An international hub and touristic destination, the lively city of Istanbul is one of Turkey’s most well known cities. This unique city is lies in both Europe and Asia while being separated by the Bosphorous strait. While roaming around the city, you will notice both European and Asian influences in architecture and food. With only 48 hours, it is possible to see all the main sights in Istanbul!
Start your day early in order to see all the main sights (recommended 8:00AM). Begin your day of exploring in Old Town, I would recommend grabbing breakfast at 7 Hills Restaurant for an incredible view of both the Blue Mosque and Hagia Sophia.
Right across from the Blue Mosque is Hagia Sophia, which once was a mosque and is now a museum. Entrance to the mosque is 100 TL (~$21CAD). As there are typically long waits, I would suggest booking tickets online in advance, this way you have the option to skip the line. The Hagia Sophia is stunning and the detail in the rooms and pillars is jaw dropping. This is worth the wait and a must see while in Istanbul. If you are walking around on your own without a tour guide, this will only take you ~30 minutes.
The Blue Mosque a functioning mosque that allows tourists to enter and view the interior. If you forgot to bring a scarf, no worries as once entering there are free scarfs that are offered. Entry to the blue mosque is free but keep in mind that there are locals that are there for daily worship and to be respectful.
Once you exit the Blue Mosque, to your right will be the Arasta Bazaar. This bazaar is the smaller scale of the Grand Bazaar and you will find that the store owners are more relaxed, offer fair prices to start off and won’t try to call you back if you say no.
Basilica Cistern/Topkapi Palace
We did not include this in our itinerary as the weather was not playing in our favour and instead we decided to do some shopping instead. However, if you have time, the Basilica is walking distance from the Blue Mosque. The Topkapi Palace is a little further of a walk but from photos/reviews, looks to be worth the trip.
Not far from the Arasta Bazaar is the Grand Bazaar. This market is one of the oldest and largest in the world – who else is excited to shop?! Will you get lost? very likely as this indoor market is a maze! Will you find everything you want? most definitely. A couple must buy items consist of:
- Rug – if you are in the market for a Turkish rug, now is the chance! Be sure to bargain as the initial price will be very high.
- Lamp – you can’t miss the Turkish lamps, these beautifully glass crafted globes are a souvenir you won’t regret. We saw a couple lamps that were being sold for 60TL outside of the Bazaar, inside the Bazaar we purchased a standing lamp for 100TL.
- Gold – whether you’re looking to purchase gold bricks or gold jewelry, Turkey is known for its affordable 24K gold.
- Turkish Tea Sets – you won’t be able to escape tea time in Turkey and you will most likely fall in love with the adorable Turkish cups. I purchased a beautiful gold set for 150TL (~$30CAD). Inside the Spice Bazaar we purchased another set for 100TL.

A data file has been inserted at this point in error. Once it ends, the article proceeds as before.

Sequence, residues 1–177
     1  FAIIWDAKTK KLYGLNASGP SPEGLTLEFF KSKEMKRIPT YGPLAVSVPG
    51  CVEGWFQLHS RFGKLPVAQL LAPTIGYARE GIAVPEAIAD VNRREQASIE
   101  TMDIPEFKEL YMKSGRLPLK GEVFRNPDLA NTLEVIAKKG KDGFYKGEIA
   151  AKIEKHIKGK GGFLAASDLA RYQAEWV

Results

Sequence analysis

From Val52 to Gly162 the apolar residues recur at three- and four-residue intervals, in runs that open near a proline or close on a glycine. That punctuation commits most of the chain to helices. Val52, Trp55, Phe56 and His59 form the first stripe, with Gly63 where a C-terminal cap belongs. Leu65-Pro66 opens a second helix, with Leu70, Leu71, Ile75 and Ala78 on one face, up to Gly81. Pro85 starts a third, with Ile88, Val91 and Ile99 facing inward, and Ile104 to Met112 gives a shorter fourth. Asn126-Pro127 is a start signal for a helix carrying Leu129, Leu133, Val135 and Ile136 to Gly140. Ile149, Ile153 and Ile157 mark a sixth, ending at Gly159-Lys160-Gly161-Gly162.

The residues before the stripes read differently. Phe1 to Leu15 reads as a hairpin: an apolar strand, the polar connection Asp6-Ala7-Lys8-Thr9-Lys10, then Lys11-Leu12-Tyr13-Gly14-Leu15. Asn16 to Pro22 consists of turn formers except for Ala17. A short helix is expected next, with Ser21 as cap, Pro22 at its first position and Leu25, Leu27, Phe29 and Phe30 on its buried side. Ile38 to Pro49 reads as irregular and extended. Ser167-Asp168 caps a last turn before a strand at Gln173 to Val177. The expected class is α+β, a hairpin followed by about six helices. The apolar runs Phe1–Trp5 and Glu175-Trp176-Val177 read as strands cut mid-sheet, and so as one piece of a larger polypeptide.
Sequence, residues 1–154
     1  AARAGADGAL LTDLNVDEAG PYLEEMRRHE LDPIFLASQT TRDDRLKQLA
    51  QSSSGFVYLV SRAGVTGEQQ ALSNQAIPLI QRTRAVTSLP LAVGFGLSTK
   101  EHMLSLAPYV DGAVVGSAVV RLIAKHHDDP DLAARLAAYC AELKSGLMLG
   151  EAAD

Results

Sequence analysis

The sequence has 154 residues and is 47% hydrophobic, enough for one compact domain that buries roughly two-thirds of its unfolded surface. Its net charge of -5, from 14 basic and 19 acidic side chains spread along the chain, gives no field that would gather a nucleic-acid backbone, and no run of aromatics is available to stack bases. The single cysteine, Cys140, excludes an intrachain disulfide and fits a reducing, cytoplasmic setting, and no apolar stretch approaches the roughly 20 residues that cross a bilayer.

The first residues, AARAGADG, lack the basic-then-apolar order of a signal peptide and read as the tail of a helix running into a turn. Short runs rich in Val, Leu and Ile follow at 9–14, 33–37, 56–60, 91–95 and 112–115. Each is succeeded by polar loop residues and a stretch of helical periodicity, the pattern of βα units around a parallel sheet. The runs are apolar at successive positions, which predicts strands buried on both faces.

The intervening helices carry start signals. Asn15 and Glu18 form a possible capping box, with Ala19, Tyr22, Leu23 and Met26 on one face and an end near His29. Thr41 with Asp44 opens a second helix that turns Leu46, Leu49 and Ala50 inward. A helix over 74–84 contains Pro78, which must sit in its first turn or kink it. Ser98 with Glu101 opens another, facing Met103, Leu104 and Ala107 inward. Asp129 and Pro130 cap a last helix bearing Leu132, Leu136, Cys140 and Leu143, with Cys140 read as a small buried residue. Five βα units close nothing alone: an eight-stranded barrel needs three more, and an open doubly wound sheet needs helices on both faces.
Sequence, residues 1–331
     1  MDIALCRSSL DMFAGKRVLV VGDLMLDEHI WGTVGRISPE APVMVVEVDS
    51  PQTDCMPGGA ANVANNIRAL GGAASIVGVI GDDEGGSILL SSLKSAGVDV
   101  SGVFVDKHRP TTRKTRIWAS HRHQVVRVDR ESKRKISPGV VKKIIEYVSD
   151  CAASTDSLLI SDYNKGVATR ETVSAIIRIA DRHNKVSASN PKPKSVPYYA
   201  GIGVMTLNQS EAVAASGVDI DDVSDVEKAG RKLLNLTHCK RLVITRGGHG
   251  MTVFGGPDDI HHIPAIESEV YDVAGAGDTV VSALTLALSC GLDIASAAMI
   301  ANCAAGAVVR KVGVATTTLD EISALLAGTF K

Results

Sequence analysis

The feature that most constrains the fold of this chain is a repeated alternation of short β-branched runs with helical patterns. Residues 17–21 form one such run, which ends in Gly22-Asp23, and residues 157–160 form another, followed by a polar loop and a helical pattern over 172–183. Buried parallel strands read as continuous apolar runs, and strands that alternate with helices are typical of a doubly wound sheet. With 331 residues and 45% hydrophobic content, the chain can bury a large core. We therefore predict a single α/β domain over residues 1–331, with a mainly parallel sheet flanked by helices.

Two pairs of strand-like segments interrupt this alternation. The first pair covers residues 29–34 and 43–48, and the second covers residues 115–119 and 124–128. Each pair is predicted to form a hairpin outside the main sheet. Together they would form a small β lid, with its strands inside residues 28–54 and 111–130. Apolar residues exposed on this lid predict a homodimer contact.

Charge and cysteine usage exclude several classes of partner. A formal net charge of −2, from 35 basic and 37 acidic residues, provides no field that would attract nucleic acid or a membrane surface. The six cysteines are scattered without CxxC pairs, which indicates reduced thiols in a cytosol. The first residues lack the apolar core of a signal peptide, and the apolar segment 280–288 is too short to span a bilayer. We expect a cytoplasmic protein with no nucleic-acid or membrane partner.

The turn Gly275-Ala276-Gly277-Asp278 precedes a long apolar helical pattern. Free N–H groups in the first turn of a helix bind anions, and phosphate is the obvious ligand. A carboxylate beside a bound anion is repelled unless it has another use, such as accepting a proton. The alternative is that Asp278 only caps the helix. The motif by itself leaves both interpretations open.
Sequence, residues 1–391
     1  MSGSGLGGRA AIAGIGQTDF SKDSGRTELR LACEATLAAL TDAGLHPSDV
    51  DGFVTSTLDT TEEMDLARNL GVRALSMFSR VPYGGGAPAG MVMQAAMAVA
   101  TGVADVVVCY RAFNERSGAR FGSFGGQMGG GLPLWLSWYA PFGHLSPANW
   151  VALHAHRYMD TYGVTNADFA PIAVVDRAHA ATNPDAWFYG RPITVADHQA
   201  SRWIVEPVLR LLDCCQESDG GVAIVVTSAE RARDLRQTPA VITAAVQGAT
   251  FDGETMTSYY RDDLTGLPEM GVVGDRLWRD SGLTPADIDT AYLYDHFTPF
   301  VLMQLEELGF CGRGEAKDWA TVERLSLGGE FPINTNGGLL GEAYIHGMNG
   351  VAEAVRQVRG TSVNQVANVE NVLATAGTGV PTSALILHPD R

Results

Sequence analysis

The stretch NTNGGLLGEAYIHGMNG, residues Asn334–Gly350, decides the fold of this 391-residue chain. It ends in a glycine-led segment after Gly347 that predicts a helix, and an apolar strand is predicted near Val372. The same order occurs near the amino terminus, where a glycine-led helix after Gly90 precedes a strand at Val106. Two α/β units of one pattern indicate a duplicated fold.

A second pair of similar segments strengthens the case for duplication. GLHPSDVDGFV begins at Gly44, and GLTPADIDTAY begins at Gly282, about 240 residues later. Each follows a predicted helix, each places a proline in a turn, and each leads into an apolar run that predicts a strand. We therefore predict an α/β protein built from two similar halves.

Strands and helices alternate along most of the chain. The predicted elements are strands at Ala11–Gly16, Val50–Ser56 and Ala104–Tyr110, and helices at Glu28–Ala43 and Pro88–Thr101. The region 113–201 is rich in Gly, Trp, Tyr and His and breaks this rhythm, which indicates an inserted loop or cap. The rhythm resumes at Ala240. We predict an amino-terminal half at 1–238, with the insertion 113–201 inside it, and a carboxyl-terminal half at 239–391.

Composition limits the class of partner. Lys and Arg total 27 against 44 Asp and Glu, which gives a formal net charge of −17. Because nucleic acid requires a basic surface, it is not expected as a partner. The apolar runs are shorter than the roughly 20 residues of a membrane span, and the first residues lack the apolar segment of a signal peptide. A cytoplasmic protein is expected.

- Magnets – Evil eye’s will be found everywhere as keychains and magnets. These make great souvenirs as a reminder of your trip to Turkey.
Taksim Square/Istiklal Street
End the night by exploring Taksim Square, grab a bite to eat at one of the local restaurants or kebab/donair stands! You will find yourself walking down Istiklal street which has late night shopping and a variety of places to eat.
After seeing nearly all the main sights on day 1, get ready for more walking as day 2 involves more sight seeing! Start your day at Galata Tower for some breakfast and coffee.
The great Galata Tower can be seen from a distance as it sit upon a hill. To go up the tower costs 35TL (~$8CAD) and offers a spectacular view of the city. The area around Galata is picturesque, full of coffee shops, cafes and full of incredible baked goods/coffee.
Make your way to Suleymaniye Mosque, in my opinion the most beautiful most in Istanbul. You will be wow’d from the view of the city outside of the mosque, to the court yard with an incredible view of the mosque up close. A little out of the way, but I promise you this mosque is well worth the trip even if you only get to see the courtyard!
Not too far of a walk from the Suleymaniye mosque is the Spice Bazaar. Easy to navigate and full of treats, the only thing you need to worry about is finding room for dinner after eating all those sweets! One of the exits from the Spice Bazaar takes you directly to Kurukahveci Mehmet Efendi, the oldest coffee company in Istanbul and most popular to purchase from.
Balat is located in the old Jewish quarter of Istanbul. The colourful streets of Balat are full of installation pieces, coffee shops and beautiful artwork on the side of buildings. Nearby up the hill in Fener is the Red Castle, a functioning Greek high school. This beautiful red brick building will simply catch your eye and worth the short trek up the hill to see.
The most instafamous photo of Balat is the colourful houses situated upon a hill. These houses are easily found when exploring the area on Kiremit street.